Heat Insulating Materials: Convection, Radiation, and Conduction

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Heat Insulating Materials

The purpose of thermal insulation is to restrict the heat transfer from warmer to cooler areas. Transfer of heat takes place by three processes- the convection, the radiation and, the conduction.

Convection

In convection, heat is transferred from one place to another by the movement and mixing of liquids or gases.

Radiation

Radiation is the process of transferring heat in a similar manner to that in which light is transmitted, i.e., by means of invisible wave radiation. The extent to which a building material radiates heat is mainly dependent on the emissivity of the surface, on the temperature of the surface, and on the temperature of the surrounding surfaces; metals have very low emissivities.

Conduction

Conduction is a process whereby heat is passed on between adjacent stationary particles of matter. The conductivity of building materials depends upon their density and porosity, and upon their content. Since bulk densities of materials vary inversely to their air contents, those materials which enclose a high proportion of air in their structure are generally better heat insulators.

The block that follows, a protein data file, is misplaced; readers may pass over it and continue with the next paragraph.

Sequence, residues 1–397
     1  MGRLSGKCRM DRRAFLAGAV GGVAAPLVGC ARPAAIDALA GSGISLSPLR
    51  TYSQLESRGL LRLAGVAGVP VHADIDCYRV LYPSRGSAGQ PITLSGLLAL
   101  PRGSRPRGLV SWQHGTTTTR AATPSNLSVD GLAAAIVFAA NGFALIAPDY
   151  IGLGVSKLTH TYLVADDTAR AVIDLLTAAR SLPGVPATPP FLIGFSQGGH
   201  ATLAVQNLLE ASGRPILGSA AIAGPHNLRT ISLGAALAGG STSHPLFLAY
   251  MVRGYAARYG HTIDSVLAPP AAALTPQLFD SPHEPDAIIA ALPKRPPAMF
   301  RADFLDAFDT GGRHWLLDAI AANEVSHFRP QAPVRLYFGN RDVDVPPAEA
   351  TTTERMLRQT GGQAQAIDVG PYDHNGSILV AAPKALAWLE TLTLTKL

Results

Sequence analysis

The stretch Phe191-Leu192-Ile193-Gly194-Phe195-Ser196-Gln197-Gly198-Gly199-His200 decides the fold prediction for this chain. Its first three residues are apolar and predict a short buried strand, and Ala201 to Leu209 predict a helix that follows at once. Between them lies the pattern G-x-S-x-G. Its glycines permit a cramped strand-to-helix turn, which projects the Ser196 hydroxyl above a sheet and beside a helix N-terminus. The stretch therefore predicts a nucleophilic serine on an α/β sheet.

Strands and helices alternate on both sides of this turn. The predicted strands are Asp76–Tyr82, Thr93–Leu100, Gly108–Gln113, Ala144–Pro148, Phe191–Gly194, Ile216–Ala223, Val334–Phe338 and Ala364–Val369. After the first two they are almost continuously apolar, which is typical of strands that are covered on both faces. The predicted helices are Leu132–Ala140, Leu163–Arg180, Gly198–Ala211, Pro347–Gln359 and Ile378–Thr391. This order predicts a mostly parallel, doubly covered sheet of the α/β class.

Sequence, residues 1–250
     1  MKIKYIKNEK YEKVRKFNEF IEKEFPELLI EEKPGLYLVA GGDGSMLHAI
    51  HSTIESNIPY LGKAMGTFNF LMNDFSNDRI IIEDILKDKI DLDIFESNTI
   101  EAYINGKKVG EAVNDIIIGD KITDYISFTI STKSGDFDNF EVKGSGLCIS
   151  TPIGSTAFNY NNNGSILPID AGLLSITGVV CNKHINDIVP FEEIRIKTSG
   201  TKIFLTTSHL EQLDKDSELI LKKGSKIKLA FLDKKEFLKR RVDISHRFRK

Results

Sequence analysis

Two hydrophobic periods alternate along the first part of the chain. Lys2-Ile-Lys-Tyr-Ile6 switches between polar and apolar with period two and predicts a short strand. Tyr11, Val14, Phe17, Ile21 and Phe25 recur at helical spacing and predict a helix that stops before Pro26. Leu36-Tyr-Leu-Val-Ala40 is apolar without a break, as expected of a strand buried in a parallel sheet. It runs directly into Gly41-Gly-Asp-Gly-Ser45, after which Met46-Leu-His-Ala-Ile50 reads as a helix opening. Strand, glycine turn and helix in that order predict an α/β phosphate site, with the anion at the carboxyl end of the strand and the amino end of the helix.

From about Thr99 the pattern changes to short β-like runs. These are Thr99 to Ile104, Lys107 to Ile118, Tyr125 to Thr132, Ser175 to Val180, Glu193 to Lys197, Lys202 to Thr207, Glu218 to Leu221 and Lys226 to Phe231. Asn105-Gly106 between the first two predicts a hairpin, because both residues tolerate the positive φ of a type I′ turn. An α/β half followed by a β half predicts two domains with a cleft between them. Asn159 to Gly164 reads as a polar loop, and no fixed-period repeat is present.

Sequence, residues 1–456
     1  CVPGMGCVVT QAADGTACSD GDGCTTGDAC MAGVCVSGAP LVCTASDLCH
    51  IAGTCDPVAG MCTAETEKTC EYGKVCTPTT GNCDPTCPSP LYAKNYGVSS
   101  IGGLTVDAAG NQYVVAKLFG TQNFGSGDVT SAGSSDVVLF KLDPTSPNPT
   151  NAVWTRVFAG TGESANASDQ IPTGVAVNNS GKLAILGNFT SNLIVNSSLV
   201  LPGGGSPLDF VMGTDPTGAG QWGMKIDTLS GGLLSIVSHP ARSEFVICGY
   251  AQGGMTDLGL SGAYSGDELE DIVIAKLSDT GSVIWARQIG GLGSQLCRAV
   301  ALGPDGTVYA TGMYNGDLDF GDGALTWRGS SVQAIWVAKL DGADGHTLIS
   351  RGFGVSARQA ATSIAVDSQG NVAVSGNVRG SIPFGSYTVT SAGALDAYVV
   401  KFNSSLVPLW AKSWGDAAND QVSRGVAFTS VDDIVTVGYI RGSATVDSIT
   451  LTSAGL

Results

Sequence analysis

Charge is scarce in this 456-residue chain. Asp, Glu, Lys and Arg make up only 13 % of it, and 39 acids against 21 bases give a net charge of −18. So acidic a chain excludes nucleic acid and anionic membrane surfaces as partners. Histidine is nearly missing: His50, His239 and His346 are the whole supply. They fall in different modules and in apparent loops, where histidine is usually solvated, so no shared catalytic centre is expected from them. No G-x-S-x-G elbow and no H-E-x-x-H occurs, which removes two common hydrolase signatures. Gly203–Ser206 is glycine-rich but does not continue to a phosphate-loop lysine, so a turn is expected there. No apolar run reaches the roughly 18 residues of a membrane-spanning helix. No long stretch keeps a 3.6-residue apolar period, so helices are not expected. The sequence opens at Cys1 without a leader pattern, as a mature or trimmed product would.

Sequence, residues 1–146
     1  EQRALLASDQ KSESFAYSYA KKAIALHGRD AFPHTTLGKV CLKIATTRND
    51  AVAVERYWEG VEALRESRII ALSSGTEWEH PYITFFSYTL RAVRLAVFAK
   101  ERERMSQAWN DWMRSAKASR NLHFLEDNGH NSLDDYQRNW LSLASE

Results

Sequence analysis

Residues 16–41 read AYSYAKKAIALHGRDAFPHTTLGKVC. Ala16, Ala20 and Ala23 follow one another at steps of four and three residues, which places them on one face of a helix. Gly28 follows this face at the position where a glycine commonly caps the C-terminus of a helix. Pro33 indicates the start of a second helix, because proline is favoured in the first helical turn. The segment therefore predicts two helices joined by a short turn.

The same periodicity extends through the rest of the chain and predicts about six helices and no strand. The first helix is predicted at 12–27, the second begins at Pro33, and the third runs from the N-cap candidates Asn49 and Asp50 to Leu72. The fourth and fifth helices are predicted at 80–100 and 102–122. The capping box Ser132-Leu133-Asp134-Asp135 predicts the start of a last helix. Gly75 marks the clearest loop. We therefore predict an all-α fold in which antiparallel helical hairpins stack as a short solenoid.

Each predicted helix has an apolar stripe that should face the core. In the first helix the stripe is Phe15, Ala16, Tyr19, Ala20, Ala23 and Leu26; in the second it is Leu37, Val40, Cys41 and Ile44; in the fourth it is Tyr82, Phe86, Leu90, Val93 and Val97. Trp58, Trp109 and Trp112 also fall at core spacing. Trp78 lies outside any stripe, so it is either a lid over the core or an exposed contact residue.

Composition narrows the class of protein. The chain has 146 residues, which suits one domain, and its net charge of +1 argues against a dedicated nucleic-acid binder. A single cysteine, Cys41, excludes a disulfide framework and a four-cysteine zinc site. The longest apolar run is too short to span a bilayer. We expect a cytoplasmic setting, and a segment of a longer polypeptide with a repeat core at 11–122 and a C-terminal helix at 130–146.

Heat Insulating Materials: Convection, Radiation, and Conduction

Water is a good heat conductor, if present in the material, makes the material a poor insulator.

The commonly used heat-insulating materials work on the principle of either air spaces formed between structural components, surface insulation, or internal insulation.

Well Known Products of Heat Insulation

  1. Aerated concrete
  2. Gypsum boards
  3. Fibre boards
  4. Asbestos cement boards
  5. Chipboards
  6. Corkboards
  7. Foam plastic
  8. Aluminium foil
  9. Reflecting paints
  10. Expanded blast furnace slag
  11. Vermiculate*
  12. Fibreglass
  13. Glass wool
  14. Cavity wall, though costly

Properties of Heat Insulating Materials

Heat insulating materials should be impermeable to water, fireproof, resistance to insect attacks, have low thermal conductivity (0.0228 kCals-cm/m2oC). Since a good heat insulating material has a porous structure the strength is lowered affecting the stability.

Also Read-

Rigid Pavements: Objective, Advantage, Disadvantage, Components, and Affecting Factors
Flexible Pavements: Objective, Advantage, Disadvantage, Components, and Affecting Factors
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Types of Joints in Rigid Pavements: Longitudinal and Transverse

Joints are too important for the rigid pavements because the joints are responsible for reducing stresses developed due to temperature variations. There are two type of joints-

  • Longitudinal Joints
  • Transverse Joints

The Transverse joints are subdivided into three categories-

  • Expansion Joints
  • Contraction Joints
  • Construction Joints

Continue Reading Types of Joints in Rigid Pavements: Longitudinal and Transverse

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2 Comments

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